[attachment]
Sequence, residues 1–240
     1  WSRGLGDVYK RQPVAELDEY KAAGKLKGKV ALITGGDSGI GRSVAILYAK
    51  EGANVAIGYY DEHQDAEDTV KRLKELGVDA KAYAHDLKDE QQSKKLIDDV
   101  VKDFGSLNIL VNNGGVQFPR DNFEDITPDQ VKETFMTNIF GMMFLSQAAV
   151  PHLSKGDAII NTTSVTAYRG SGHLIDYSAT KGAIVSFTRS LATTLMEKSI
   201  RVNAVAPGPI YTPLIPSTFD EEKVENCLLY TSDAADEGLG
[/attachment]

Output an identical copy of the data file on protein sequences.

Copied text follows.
Sequence, residues 1–240
     1  WSRGLGDVYK RQPVAELDEY KAAGKLKGKV ALITGGDSGI GRSVAILYAK
    51  EGANVAIGYY DEHQDAEDTV KRLKELGVDA KAYAHDLKDE QQSKKLIDDV
   101  VKDFGSLNIL VNNGGVQFPR DNFEDITPDQ VKETFMTNIF GMMFLSQAAV
   151  PHLSKGDAII NTTSVTAYRG SGHLIDYSAT KGAIVSFTRS LATTLMEKSI
   201  RVNAVAPGPI YTPLIPSTFD EEKVENCLLY TSDAADEGLG